By Paul Finch, Coach
I would like to take this opportunity to talk to about a how better course management could take a few shots off your next round. Course management is one of the most important elements of the game of golf but it is also one that is underestimated by many club golfers.
When we talk about course management, we are discussing how a player manages his way around the golf course. For many this is hit it as far as possible and then play from wherever the ball finishes, or take on every flag no matter where it might be placed on the green. as we know, the golf course has many penalty areas and the less time we spend in these, then, hopefully the better our score will be.
I have looked at Holes 2 and 3 at NSRCC Changi, two good par 5’s that as you know, require a bit more thinking than hit and hope.
The approach to hole 2 is not an easy one, bunkers and water on either side. Challenging with a wedge in hand, even more difficult with 6 or 7. I would look at this scenario and assess what would be the safest option to keep my ball in play but also close to the pin.
Playing towards the pin does not always get you the lowest score therefore for this approach, with the pin in the middle of the green, I would play to the biggest portion of the green away from the water. If i was slightly left or right of that then I would be ok. If I was slightly left while going for the pin, I would either be in the water or long left.
Picking the correct club is also key. Having a putter in your hand is better than a wedge so if you are between clubs for your shot to the green, pick the one you will commit to more and stick with it. If you finish a little beyond your landing zone on the green, you will still have a putt vs a tricky little chip because you finished short with the other club.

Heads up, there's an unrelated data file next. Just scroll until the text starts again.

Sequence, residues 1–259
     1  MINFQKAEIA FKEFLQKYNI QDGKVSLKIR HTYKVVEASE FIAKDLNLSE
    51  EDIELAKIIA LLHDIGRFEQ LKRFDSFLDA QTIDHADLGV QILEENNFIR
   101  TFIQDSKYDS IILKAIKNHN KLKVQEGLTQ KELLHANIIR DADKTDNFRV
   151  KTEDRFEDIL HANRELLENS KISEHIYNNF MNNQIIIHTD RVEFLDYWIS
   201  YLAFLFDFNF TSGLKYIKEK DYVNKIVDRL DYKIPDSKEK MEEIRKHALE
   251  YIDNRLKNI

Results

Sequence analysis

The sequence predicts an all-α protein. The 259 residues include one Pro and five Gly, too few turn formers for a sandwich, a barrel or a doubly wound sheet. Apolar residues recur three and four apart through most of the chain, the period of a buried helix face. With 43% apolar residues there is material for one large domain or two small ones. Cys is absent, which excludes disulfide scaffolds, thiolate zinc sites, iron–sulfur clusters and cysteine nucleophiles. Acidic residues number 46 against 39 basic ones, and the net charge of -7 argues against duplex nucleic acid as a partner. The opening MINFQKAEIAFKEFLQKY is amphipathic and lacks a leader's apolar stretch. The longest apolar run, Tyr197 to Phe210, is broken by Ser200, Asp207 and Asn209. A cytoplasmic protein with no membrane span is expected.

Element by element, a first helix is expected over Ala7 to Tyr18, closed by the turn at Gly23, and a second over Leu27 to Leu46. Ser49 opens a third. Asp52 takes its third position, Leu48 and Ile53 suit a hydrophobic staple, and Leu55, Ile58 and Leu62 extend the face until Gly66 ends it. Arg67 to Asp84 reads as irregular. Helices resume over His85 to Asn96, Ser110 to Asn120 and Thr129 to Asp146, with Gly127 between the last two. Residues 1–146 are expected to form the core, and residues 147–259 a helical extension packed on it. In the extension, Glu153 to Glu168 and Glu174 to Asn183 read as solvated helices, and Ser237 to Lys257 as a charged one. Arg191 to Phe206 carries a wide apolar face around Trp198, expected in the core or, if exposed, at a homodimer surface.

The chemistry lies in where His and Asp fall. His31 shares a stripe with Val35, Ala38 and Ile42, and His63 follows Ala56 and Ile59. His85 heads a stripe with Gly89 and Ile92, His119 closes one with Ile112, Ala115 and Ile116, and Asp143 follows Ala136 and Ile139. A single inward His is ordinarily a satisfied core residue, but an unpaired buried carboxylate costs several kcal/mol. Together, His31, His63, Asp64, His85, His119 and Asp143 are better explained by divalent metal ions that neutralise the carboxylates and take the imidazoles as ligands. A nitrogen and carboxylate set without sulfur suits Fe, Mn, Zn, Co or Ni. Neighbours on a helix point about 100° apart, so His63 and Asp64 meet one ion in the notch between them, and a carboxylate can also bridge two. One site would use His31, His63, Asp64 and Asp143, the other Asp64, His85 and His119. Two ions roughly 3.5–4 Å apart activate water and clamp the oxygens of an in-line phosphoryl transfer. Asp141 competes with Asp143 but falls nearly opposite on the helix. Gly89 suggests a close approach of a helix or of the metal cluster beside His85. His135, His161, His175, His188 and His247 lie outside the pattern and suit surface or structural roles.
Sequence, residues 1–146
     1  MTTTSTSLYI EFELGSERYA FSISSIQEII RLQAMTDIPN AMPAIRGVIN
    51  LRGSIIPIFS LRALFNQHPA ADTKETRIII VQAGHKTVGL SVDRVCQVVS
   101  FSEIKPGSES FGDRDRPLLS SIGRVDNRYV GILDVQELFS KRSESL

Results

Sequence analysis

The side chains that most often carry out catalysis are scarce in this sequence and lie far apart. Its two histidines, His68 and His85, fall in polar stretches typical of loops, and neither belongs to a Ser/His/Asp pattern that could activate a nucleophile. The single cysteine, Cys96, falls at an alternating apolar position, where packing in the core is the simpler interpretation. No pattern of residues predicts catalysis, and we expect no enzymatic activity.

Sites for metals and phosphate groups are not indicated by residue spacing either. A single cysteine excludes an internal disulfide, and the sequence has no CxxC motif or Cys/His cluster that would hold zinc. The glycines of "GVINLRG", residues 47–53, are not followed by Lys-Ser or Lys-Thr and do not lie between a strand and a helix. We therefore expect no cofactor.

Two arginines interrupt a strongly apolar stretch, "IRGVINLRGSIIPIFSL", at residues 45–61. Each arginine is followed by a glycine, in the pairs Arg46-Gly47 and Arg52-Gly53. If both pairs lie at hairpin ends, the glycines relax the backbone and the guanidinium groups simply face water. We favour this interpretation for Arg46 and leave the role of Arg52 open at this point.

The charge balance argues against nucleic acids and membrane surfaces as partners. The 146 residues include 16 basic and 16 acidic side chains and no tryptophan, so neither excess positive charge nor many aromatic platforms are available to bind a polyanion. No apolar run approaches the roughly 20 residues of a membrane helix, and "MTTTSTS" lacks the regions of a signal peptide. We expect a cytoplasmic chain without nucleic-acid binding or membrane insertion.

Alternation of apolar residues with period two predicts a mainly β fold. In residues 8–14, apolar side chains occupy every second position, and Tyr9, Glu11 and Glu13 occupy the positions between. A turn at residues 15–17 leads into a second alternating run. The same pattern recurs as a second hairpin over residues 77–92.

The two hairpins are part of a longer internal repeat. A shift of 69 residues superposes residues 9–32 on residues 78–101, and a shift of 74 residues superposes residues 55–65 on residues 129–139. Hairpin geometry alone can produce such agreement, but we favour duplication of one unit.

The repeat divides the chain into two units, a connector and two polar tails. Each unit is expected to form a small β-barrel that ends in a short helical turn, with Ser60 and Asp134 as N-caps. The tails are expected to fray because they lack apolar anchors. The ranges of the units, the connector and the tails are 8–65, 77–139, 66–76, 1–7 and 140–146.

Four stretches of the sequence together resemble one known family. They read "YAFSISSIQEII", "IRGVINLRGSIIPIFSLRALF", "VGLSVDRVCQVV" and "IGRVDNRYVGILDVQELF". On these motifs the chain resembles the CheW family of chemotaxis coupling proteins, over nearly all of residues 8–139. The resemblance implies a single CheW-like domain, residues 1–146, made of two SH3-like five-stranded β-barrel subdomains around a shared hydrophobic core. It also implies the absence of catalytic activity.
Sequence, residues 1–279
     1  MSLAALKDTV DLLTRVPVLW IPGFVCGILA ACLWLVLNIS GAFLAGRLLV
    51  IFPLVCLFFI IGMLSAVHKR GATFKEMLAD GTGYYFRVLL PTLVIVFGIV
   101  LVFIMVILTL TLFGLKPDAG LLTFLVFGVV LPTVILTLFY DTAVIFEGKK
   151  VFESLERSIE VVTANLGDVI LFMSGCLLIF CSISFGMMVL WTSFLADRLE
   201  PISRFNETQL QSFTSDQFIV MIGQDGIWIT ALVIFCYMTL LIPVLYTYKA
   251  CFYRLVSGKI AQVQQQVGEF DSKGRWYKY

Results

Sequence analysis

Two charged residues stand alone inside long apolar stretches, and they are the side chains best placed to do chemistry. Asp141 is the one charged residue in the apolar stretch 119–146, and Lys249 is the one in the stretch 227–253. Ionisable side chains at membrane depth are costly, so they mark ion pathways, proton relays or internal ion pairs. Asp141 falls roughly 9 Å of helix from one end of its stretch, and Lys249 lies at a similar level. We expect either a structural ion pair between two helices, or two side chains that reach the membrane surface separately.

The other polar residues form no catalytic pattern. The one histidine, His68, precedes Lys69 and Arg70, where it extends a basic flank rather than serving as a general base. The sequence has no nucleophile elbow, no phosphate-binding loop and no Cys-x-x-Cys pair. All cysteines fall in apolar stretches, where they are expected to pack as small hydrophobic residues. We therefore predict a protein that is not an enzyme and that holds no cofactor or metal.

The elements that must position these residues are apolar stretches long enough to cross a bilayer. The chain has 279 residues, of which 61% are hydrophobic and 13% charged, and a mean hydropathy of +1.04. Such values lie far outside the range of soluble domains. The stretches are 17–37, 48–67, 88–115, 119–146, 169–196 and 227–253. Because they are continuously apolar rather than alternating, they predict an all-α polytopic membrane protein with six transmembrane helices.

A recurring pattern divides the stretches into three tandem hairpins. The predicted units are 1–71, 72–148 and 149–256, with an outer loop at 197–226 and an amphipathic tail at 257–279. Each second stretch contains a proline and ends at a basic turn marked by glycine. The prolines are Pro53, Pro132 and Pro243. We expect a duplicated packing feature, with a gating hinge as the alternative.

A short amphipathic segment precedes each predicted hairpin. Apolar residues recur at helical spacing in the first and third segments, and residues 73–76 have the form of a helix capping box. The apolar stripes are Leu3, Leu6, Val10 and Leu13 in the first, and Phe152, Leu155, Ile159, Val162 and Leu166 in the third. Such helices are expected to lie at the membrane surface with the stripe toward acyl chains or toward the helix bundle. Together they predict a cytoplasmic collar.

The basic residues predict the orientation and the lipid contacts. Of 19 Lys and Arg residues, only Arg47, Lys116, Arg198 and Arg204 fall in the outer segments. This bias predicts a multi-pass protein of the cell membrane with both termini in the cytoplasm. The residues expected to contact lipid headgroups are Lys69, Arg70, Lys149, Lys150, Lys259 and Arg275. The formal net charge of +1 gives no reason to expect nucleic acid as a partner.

Hole 3 is another challenging hole that makes you think about your club selection not just off the tee but for the rest of the hole until you reach the green.
I will focus mainly on the shot that I believe is the most important when saving strokes. For some this would be the second shot, for others the 3rd. Over the water playing to a green with water on nearly every side. A very tough shot with water in front of you, bunkers splitting the fairway into two and playing into a narrow green.
This is where managing how you play the hole is very important. as we have said before, sometimes playing away from the hole is often the best option.
I would work back from the green at this point to see how I could get close to the hole and where I could achieve this from.
This is where playing to your strengths is key when thinking about course management. Going straight towards the hole with a long iron, hybrid or even 3 metal brings into play all the of the penalty areas, the areas we are most trying to avoid. It also means we are taking on the green from a difficult angle.
Playing away from the hole and left of the bunkers takes us away from danger but also, more importantly gives us a better shot straight down the green. Don’t get me wrong, I'm all for the aggressive pin seeking play however, if we haven’t warmed up and the swing is feeling good, pin seeking early on with so much water in play can lead to big numbers that would ruin a scorecard.
Another element to remember is that these holes are par 5’s, meaning a green in regulation for that hole is 3 shots and with handicap that number only ever increases, never decreases. So even if the guys on tour are hitting par 5s in two, they know when they can and when they need to lay up to give themselves the best opportunity to make a good score.
Think about that the next time you play those holes and if you playing a friendly game, give it a try, see if you come away with a few strokes less because you didn’t go for the flag directly. It should be better because you didn’t go for the hole directly. Have fun!
Article first published in NSRCC magazine Resort View, Mar/Apr 2021 issue.
Paul Finch has been a member of the British PGA for the past 10 years and has held various positions within the golf industry. He thoroughly enjoys coaching and this has been his passion throughout his career. Read more about him here!
Paul Finch has been a member of the British PGA for over a decade and has held various positions within the golf industry. He thoroughly enjoys coaching and this has been his passion throughout his career.
Paul has left IGI, we wish him all the best!